Boston College Journal of Law & Social Justice

In Evans v. Secretary, Department of Corrections, the United States Court of Appeals for the Eleventh Circuit denied habeas corpus relief to a death row inmate who claimed that ineffective assistance of counsel prejudiced his death sentence hearing. Despite the defense counsel’s omission of evidence suggesting that the inmate suffered from various mental disabilities, the court resolved that such evidence would not have affected the jury’s ultimate recommendation of the death sentence because some of the evidence was stigmatized. This standard creates a burden that is far too great for individuals facing the death penalty and significantly minimizes ...


Uncharitable Hospitals: Why The Irs Needs Intermediate Sanctions To Regulate Tax-Exempt Hospitals, Rachel Weisblatt 2014 Boston College Law School

Uncharitable Hospitals: Why The Irs Needs Intermediate Sanctions To Regulate Tax-Exempt Hospitals, Rachel Weisblatt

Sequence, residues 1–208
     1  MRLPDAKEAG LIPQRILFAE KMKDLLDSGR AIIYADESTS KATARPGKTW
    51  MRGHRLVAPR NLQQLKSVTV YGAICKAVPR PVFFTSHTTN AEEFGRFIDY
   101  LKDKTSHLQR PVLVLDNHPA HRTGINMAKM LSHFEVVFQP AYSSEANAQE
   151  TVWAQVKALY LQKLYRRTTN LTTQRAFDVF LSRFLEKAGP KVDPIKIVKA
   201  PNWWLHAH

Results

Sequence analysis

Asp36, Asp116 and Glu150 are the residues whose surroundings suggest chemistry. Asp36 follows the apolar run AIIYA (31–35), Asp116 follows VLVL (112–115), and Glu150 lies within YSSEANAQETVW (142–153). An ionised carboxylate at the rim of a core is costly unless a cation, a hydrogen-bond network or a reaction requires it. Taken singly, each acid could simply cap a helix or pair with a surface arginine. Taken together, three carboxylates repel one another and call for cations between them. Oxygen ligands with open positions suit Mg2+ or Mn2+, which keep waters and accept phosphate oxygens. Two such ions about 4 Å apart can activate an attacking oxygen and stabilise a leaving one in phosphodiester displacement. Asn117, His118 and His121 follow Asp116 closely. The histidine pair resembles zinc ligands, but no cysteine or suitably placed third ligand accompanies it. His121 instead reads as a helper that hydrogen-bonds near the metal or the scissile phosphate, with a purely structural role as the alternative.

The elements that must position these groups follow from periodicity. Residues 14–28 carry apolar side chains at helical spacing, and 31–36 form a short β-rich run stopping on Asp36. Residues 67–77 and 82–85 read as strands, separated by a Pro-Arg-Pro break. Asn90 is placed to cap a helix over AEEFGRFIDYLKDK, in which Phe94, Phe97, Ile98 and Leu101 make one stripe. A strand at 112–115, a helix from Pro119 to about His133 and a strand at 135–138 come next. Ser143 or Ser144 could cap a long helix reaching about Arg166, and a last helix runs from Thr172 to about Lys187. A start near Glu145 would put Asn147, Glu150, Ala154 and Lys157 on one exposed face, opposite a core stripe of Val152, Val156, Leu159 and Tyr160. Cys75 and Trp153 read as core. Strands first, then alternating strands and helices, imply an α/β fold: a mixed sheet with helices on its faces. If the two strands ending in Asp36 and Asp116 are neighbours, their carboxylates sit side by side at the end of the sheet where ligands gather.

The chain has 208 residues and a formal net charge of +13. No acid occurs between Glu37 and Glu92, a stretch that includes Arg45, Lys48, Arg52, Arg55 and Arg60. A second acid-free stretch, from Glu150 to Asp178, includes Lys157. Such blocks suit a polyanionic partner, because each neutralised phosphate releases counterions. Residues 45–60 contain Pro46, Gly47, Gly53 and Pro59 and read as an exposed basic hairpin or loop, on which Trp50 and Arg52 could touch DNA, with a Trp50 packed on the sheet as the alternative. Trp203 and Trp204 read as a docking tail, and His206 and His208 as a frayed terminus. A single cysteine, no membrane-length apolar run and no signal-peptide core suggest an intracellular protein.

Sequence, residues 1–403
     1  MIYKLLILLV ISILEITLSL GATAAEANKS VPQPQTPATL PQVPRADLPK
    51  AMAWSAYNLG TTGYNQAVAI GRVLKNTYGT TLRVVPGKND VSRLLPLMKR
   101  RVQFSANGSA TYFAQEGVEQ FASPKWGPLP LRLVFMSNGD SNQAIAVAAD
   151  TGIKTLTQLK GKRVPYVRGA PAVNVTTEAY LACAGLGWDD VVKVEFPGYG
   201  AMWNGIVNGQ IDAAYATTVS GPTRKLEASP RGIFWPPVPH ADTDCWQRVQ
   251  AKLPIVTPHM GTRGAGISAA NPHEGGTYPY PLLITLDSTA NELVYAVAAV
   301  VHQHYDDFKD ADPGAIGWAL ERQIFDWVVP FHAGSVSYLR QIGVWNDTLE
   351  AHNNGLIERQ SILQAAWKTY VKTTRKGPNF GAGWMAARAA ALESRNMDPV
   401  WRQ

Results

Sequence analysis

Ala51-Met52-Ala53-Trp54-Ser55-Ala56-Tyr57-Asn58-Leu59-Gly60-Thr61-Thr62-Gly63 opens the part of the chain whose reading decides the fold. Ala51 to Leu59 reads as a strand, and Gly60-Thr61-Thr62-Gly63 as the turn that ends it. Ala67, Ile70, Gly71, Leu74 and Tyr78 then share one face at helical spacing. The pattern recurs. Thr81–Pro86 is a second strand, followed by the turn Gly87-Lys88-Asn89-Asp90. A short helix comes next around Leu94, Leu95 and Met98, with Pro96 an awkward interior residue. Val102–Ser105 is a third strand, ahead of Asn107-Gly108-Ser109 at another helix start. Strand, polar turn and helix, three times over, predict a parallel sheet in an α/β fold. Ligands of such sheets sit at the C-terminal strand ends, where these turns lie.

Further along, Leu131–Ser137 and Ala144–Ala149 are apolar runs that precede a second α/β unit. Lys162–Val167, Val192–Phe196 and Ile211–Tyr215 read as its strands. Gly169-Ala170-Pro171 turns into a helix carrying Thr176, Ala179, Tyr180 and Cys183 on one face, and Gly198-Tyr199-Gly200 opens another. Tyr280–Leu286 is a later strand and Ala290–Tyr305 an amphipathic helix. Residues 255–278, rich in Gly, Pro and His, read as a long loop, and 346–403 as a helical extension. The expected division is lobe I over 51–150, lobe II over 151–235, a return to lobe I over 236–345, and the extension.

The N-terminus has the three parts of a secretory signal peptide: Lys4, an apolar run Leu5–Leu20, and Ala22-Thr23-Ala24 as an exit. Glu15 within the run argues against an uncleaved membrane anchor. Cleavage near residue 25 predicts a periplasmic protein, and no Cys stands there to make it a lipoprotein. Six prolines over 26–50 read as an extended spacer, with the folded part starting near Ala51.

Boston College Law Review

Tax-exempt hospitals receive millions of dollars worth of tax breaks each year for the purpose of providing care to their communities. Despite these tax breaks, however, there is little evidence to suggest that such breaks significantly benefit the hospitals’ communities. When a hospital no longer meets the federal standard for tax exemption, the Internal Revenue Service currently has two enforcement options: (1) do nothing; or (2) move to revoke the hospital’s tax-exempt status. Revocation, however, is a harsh option that is not appropriate for every circumstance where a hospital fails to meet one or more of the requirements for ...


Making Do In Making Drugs: Innovation Policy And Pharmaceutical Manufacturing, W. Nicholson Price II 2014 Boston College Law School

Making Do In Making Drugs: Innovation Policy And Pharmaceutical Manufacturing, W. Nicholson Price Ii

Boston College Law Review